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UNC Emergency Drill: A Traffic Wreck, a Bus and a Chemical Spill

By Danny Hooley Posted August 11, 2014 at 11:20 pm

Safety officials at UNC conducted an emergency drill Monday morning on Manning Drive, with the help of a hired firm that staged a traffic accident, with an added hazard.

“Today’s scenario was specific to a chemical spill,” said Chief Jeff McCracken, director of UNC Public Safety. “It involved a traffic accident on Manning Drive, with a bus, and a small spill. Of course, at the outset of the incident, there was no way to determine the size of the spill or any of those things, so that had to be taken into account.”

it’s the type of drill that UNC conducts around campus every so often, to test the university’s efficiency in dealing with emergencies.

The day, location and general time frame for the mock emergency was announced well in advance. People knew that a section of Manning Drive near Ridge Road would be closed between 9 a.m. and 2 p.m. on Monday for the drill.

But that’s all. Nobody knew exactly what time it would occur, or what kind of emergency it would be. Those details were kept secret, as always, by planners from Envirosafe, a risk-and-crisis management firm hired by UNC, as in the past.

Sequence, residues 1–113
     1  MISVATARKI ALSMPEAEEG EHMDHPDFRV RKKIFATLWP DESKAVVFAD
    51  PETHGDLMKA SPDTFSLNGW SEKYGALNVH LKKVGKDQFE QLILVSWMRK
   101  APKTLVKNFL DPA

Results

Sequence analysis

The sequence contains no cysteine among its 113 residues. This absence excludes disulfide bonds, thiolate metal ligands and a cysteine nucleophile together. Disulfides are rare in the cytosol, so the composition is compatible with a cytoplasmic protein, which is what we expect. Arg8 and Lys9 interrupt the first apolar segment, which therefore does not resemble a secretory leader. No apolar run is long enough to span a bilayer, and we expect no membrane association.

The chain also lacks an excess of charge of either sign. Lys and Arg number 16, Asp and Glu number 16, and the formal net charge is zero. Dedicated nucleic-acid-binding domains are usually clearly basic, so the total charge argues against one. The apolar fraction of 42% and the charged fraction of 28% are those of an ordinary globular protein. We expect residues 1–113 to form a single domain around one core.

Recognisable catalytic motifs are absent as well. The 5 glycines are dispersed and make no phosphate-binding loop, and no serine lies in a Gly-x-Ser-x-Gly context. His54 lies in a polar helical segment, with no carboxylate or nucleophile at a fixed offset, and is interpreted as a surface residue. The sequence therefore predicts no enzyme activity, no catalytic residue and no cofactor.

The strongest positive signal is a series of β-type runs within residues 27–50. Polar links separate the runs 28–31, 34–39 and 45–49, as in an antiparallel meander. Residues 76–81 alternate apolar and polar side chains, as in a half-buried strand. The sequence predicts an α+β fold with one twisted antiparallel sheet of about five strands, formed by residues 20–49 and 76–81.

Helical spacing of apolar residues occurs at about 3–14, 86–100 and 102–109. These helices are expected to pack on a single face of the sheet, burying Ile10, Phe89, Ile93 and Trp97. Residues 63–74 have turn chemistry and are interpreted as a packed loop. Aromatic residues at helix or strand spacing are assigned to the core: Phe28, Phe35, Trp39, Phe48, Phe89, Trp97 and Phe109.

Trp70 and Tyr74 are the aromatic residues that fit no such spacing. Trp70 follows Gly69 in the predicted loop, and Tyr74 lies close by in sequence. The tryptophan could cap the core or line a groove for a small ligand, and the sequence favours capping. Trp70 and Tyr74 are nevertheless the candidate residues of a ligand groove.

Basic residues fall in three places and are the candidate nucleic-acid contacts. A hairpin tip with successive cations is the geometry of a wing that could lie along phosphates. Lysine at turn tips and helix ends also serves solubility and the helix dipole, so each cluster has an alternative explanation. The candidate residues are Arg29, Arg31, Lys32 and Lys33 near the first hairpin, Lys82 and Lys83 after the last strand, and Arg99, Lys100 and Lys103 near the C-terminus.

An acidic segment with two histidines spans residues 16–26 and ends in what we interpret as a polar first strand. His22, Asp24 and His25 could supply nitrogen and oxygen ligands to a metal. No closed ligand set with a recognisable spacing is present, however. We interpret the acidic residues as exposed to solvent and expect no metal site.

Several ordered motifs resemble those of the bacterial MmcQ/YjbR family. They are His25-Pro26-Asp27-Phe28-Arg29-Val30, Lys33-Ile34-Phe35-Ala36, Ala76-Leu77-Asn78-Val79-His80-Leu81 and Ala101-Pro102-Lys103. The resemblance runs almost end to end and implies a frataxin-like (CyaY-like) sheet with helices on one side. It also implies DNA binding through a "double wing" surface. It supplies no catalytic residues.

At a Monday afternoon news conference in the Student Union, McCracken said the mock accident was announced shortly after 9 a.m.

“We tried to simulate how it would actually happen in real life, as much as we could” said McCracken. “So we started it with a text message, which is part of our emergency communications process. So that text message went out around 9:15.”

A teleconference convened at 9:30, and McCracken provided emergency responders with a description of the scene, and the possible hazards. Groups were instructed to take their assigned posts at 10 a.m.

The teams then worked on managing the fake crisis throughout the morning.

McCracken said that an After-Action Report will be completed at some time in the near future, with a summary of any issues that came up, and suggestions for improvements.

But for now, McCracken said he was pleased overall with how the drill was handled.

“I would say, that, in almost every exercise like this, communication is an area that needs to be focused on,” he said.

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